I know we will never stop people from coming to our town, and truthfully, I don't believe it is the solution. As tourism increases in Central Oregon, we have a larger industry to sustain our residents. We need this! I believe in growing smart and doing our best to have foresight into what problems may arise with such a large number of people trying to experience the wilderness around us. One large problem I see is the number of cars accessing the Cascade Lakes Highway. With countless trails, lakes, and majestic views of our mountains, this does not come as a shock. But what can we do about the amount of pollution which comes with this? I believe the answer is a simple one. Mt. Bachelor already owns and operates buses during the winter season to get people up the mountain. Why not extend this service to the summer? A few buses can do loops of the Cascade Lakes Highway. Using pre-existing parking lots and pull offs. People could do thru hiking without having to worry about shuttling cars. Families could experience the lakes without having to drive numerous cars. People could bike back to town after getting shuttled to the top. We have hundreds upon hundreds of cars driving up and down that highway throughout the summer, causing traffic and pollution. By offering a shuttle we could lessen the impact to our wilderness. Mt. Bachelor could use the increase in revenue to have more full time employees, and provide a valuable service to the community.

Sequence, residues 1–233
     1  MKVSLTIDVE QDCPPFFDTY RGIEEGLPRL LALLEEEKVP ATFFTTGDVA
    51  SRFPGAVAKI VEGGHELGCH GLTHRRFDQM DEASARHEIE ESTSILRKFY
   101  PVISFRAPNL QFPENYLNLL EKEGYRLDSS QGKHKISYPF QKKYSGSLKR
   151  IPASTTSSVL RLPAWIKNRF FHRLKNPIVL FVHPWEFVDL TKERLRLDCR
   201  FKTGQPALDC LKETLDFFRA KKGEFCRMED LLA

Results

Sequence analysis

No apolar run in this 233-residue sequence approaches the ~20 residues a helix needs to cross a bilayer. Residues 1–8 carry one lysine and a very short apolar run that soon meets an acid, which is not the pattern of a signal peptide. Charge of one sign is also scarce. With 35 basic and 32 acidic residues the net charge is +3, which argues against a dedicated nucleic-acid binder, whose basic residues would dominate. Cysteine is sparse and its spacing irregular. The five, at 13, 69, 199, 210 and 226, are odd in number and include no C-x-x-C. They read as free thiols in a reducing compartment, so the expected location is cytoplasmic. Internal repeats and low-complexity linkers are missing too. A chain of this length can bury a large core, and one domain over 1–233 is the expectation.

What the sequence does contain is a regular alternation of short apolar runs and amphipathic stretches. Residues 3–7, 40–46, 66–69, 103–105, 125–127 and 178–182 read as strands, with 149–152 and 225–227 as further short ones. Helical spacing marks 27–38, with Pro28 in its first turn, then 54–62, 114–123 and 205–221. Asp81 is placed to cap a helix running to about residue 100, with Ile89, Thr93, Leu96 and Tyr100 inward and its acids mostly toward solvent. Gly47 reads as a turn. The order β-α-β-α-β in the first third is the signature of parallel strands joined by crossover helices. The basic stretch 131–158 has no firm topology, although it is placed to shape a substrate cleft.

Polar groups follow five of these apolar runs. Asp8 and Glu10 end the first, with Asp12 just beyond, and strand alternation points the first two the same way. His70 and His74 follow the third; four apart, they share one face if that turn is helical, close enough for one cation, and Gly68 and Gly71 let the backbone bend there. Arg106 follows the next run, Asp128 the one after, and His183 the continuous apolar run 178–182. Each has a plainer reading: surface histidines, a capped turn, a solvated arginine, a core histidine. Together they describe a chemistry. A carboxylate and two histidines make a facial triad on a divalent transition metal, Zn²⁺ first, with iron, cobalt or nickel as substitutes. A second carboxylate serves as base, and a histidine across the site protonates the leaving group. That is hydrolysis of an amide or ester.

What about the other problems plaguing the Cascade Lakes, such as littering, improper trail usage, and dangerous hiking choices. I think we could create signs to put up in the bus to give important information as to how to be part of the wilderness, without negatively impacting it. For some people, this is the first time they have left a city and they don't know what to do without the amenities of those cities. It is our job to educate people on how to treat our sacred land so it will continue to be here for our future generations.

—Alicia Deaderick

Alicia – Thanks for offering a solid, simple solution in your letter. A shuttle would also mean people could toss back their favorite IPA (or two) after a hike, without then being another impaired driver on the roads. Stop on by the office for your free gift card from Palate. - Nicole Vulcan, Editor